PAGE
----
The mean free path is the average distance between 2 collisions. We simply copy the things in Bohr and Mottelson, Bertulani and Banielewicz, and John Lilley in here.

Since a nucleus has finite size, the mean free path can be view as **transparency** of nucleon scattering. Since the total cross section is smaller for higher energy, the mean free path is proportional to energy.

The wave number under a complex optical potential is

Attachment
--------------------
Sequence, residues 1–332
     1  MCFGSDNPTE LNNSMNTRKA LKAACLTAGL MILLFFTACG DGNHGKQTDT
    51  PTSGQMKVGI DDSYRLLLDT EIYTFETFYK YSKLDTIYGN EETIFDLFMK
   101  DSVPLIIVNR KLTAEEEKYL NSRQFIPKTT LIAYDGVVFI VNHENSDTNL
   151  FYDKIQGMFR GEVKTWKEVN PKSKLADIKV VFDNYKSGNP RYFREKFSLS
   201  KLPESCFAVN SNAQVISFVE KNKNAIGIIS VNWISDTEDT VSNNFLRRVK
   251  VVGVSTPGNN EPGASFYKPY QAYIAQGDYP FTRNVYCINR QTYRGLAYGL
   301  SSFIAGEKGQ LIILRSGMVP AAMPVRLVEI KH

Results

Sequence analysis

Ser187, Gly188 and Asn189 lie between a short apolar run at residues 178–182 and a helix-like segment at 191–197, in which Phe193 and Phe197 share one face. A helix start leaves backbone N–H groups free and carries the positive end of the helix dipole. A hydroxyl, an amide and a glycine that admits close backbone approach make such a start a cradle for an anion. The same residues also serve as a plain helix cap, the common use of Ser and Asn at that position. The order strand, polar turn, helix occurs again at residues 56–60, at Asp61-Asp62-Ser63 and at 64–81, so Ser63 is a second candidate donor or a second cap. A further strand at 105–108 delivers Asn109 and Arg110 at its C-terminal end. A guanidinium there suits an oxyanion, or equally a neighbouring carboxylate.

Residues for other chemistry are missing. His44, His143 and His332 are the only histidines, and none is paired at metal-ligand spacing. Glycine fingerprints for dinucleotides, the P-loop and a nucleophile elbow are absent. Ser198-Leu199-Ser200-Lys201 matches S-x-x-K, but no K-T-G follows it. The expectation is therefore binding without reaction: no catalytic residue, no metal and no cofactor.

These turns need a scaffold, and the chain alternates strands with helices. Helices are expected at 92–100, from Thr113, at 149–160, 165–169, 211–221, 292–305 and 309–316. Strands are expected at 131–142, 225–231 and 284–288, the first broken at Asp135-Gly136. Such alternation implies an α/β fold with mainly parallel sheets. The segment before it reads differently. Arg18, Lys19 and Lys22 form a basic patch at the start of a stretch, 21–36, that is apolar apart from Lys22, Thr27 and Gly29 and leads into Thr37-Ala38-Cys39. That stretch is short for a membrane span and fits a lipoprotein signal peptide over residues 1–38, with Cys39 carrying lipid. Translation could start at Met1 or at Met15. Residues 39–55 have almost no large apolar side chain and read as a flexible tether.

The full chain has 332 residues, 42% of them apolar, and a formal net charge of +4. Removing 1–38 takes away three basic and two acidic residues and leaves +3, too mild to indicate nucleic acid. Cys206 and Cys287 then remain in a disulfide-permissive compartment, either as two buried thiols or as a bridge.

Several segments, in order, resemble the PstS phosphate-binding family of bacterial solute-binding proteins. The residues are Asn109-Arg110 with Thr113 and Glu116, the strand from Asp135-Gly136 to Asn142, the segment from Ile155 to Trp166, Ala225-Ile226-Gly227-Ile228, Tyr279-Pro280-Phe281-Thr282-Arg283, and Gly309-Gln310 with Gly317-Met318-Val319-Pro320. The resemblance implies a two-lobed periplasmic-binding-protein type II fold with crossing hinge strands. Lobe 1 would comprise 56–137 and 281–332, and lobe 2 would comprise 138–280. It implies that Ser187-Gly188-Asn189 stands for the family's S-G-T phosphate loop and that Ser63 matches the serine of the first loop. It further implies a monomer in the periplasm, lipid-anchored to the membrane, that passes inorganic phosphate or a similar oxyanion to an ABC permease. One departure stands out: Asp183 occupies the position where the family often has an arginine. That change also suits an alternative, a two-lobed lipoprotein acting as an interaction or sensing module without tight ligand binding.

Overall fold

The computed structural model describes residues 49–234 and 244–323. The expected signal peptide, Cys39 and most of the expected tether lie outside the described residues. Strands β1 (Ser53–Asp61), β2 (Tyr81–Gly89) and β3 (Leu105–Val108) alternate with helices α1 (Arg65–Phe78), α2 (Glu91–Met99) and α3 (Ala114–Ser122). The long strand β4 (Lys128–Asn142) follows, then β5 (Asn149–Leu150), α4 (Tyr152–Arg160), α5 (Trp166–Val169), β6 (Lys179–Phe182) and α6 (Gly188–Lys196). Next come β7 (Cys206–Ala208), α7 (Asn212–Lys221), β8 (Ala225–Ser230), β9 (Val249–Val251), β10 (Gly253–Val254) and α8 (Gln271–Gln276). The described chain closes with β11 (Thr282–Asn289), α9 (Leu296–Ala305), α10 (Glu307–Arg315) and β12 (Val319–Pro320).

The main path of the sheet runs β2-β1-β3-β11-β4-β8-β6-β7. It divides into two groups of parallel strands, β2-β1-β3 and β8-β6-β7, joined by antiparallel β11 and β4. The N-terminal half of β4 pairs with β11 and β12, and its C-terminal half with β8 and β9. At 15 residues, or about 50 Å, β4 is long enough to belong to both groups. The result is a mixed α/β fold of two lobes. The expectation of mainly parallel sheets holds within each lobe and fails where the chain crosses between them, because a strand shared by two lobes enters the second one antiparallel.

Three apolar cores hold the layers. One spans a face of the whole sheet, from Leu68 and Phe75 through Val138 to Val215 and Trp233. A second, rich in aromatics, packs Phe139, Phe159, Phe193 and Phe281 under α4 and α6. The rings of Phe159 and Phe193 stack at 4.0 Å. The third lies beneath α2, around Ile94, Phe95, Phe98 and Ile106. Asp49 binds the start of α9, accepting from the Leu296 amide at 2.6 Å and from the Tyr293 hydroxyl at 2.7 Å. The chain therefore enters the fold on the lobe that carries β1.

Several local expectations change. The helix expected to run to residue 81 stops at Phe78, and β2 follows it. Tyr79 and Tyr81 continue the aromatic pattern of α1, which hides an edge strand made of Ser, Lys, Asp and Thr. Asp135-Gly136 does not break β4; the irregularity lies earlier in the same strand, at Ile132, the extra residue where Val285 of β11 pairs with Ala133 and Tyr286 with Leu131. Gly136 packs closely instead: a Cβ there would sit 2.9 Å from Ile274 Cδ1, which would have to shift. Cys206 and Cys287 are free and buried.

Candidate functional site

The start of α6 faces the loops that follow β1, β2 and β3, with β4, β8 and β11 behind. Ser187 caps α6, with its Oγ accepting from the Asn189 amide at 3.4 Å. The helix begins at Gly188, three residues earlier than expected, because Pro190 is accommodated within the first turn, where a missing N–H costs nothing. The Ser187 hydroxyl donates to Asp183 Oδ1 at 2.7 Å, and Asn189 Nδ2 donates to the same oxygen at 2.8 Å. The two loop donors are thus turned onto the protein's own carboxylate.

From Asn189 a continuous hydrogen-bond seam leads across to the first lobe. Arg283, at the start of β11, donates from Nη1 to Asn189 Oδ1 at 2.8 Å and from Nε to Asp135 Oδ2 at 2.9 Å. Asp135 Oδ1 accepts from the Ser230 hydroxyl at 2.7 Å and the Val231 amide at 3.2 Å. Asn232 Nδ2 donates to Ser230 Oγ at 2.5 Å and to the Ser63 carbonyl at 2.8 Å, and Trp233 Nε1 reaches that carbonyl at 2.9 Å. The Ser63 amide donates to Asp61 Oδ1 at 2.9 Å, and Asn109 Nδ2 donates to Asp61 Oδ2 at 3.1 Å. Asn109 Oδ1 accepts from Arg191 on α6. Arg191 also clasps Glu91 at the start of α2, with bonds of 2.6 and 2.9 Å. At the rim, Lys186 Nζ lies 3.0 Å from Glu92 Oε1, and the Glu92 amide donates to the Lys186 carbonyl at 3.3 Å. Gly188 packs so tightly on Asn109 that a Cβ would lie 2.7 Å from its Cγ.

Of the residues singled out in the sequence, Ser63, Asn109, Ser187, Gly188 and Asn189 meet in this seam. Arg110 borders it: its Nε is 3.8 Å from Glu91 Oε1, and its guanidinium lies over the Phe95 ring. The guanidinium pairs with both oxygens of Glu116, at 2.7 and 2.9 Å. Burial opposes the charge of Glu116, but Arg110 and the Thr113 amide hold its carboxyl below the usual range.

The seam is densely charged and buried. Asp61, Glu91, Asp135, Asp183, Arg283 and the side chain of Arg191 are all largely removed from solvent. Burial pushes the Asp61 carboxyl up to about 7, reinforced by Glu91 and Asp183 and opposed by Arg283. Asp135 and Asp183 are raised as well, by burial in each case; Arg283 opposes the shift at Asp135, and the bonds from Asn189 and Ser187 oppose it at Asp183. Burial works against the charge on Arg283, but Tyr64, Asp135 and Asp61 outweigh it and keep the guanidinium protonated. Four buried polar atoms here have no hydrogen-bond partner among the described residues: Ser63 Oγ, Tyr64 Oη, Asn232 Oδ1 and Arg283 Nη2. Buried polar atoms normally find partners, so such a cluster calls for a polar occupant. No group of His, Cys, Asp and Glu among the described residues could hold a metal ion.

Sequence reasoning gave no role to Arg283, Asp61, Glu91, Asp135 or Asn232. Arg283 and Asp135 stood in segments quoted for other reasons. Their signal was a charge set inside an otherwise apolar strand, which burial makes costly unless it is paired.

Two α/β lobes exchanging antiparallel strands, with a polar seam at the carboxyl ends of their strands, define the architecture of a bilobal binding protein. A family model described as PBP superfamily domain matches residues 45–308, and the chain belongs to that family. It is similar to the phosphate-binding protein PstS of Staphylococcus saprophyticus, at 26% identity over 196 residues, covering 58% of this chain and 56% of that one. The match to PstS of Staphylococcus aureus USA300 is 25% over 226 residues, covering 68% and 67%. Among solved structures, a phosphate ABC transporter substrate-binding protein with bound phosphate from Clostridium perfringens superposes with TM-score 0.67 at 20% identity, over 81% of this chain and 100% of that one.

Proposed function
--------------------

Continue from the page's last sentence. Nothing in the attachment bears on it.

.

There are two solutions, one has imaginary ,

where is the nucleon mass, is the incident energy, is the velocity inside the nucleus, and is the mean free path,

Since the imaginary potential , from 150 MeV to 400 MeV. The calculated mean free path for proton is shown in here. (Take , proton mass , the is in fm.)

The blue line on the plot is exact calculation, the purple line is approximation .

This plot is taken from S.S.M. Wong, showing the radial shapes of the volume term (simialr to central term) of proton-nucleus optical potential.

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in J. Killey, the is taken as,

,

which is the wave number without . The result only for weak .

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